Saturday, May 2, 2020

covering up broken images in CSS

For COVID reasons, Somerville PorchFest is Somerville CouchFest this year. Organizers are encouraging participating musicians to signup to do live streams and premiere videos and the like.

You can view my current draft of the day-of design.

Some bands are missing images, and so I hunted down a way of replacing the usual gangly "broken image" bit with something more deliberate looking...

the trick seems to be that broken images will be subject to the ::before pseudo-selector but loaded images won't be, so we can jam in some content... something like

.band img {
    position: relative;
    display: inline-block;
    vertical-align: text-bottom;

.band img::before {
    content: 'missing:' attr(alt);
    position: absolute;
    top: 0;
    left: 0;
    bottom: 0;
    right: 0;
    line-height: 20px;
    background-color: #ccc;
    text-align: center;
    display: block;
    width: 280px;
    height: 280px;
    overflow: hidden;

That's assuming you have meaningful alt tags, otherwise you can just leave it blank.

This page has a deeper look.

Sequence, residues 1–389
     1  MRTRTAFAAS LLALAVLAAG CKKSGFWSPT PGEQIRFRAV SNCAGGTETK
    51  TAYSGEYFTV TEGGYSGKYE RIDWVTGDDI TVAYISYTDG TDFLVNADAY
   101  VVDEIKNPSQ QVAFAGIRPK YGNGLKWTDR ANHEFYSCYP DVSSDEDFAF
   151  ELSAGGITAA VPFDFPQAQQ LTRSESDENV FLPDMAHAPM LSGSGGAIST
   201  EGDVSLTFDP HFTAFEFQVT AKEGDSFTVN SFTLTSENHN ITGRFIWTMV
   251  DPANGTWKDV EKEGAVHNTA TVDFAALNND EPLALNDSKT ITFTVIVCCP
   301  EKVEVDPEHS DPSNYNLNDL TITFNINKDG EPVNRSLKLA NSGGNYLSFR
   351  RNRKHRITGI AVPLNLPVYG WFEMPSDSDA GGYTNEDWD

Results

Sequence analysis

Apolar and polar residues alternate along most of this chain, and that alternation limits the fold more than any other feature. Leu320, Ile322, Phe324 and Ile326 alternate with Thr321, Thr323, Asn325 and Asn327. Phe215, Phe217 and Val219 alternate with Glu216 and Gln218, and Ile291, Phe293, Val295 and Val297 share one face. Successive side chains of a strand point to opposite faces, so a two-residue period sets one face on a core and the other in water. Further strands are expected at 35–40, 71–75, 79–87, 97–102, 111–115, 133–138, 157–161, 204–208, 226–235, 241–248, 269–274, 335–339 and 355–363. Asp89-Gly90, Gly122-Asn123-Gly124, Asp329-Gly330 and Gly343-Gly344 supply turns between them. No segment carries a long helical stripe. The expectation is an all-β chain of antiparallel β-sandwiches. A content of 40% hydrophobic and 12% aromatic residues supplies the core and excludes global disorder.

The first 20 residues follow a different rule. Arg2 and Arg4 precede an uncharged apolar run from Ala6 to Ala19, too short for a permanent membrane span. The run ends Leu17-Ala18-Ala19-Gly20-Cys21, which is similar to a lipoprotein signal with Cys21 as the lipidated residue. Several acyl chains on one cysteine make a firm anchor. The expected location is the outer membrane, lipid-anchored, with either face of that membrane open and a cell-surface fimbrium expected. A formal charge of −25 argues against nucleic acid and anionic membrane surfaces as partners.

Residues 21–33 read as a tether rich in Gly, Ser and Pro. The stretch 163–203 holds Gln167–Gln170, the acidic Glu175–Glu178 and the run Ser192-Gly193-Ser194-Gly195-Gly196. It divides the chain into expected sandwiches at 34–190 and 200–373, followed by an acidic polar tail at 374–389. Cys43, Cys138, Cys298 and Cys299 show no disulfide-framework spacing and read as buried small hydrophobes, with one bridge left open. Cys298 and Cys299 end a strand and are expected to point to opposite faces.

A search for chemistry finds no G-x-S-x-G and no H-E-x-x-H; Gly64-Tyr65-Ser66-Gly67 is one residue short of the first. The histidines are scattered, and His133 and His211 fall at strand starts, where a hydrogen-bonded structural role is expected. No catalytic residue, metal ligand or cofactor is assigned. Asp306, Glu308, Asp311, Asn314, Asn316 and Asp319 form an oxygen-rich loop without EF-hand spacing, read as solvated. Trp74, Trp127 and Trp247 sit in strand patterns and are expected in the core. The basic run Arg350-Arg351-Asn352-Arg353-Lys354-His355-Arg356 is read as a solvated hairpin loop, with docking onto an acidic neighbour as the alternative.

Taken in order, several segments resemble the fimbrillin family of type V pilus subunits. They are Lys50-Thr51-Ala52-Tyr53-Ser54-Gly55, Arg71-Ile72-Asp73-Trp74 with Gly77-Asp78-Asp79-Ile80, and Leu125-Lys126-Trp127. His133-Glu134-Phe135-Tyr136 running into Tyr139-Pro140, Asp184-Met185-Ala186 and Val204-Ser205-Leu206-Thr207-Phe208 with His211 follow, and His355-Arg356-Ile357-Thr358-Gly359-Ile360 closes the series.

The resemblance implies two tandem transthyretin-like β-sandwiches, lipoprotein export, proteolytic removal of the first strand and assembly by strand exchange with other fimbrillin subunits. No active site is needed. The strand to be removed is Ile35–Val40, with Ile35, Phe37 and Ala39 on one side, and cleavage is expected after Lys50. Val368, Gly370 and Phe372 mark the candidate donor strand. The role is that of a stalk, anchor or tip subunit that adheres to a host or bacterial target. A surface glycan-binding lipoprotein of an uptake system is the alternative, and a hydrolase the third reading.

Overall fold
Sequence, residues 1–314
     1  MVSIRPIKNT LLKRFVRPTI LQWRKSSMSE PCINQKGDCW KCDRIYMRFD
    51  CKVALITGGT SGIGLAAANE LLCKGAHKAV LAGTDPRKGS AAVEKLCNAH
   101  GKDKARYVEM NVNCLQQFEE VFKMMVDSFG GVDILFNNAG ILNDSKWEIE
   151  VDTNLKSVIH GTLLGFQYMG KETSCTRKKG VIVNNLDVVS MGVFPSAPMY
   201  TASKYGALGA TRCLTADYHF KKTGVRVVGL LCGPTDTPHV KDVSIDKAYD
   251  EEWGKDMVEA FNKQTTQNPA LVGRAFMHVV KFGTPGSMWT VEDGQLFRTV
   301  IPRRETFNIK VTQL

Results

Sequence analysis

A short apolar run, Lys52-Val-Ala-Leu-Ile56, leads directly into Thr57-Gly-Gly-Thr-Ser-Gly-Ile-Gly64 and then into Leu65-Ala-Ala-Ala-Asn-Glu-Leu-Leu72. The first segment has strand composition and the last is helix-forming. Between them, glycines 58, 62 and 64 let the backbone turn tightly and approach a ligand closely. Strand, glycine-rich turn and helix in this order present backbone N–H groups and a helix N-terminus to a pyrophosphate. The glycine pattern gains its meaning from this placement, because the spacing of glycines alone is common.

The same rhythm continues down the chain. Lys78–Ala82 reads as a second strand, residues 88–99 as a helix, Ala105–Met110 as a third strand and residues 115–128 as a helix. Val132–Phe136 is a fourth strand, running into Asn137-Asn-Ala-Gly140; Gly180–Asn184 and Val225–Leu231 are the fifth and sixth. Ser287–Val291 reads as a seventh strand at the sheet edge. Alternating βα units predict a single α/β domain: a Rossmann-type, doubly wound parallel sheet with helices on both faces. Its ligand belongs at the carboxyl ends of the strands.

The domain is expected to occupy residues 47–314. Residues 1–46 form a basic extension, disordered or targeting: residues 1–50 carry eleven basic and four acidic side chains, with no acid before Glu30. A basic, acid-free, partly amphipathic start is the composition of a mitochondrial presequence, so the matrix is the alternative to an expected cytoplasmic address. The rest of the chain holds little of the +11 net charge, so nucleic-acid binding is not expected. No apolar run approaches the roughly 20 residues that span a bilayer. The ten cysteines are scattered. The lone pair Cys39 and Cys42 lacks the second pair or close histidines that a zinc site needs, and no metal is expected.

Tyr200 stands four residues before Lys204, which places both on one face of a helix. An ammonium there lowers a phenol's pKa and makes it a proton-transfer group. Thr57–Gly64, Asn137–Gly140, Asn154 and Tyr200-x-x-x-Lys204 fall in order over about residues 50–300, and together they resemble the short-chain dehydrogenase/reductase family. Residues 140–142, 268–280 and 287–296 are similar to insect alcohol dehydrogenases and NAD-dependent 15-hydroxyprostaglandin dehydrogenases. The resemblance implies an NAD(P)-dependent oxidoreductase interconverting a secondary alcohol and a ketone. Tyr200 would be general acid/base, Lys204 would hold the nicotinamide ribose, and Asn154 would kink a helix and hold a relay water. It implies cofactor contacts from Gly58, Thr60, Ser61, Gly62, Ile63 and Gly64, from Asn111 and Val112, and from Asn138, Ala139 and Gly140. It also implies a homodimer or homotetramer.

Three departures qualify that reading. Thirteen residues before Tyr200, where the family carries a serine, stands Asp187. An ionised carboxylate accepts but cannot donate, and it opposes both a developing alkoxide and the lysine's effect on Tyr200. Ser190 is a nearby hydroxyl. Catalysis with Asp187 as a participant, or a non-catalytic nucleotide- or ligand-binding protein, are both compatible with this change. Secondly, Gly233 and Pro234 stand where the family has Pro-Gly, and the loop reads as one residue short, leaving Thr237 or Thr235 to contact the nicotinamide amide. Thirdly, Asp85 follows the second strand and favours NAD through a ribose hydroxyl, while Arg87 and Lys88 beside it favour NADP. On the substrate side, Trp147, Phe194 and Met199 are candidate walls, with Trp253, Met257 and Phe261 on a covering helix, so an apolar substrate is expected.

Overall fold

I decided to stick with Vanilla.js... or at least the ES6 flavor of it.

UPDATE: I don't have time to mess with this now, but it looks like maybe this trick doesn't work in Firefox. Better just to use a tiny bit of javascript, in my case:
<img src='${photo}' onError="replaceImageWithPlaceholder(this)">
function replaceImageWithPlaceholder(what) {
    what.src = 'porchfestweb12.png';

I feel guilty for not turning it into a practice exercise in React or Vue, but after one person interviewing me mentioned he didn't like JSX, that templates were simpler... well, I don't agree, I think JSX are pretty elegant and simple once you get the build system setup, but man... in the meanwhile the backtick quotes and templating really pull the load that used to be carried by JQuery Handlebars. This page is pretty static, but the idea of replacing all the content of a container with something made from data is pretty dang easy to implement with that quoting and array built-ins such as map and filter...

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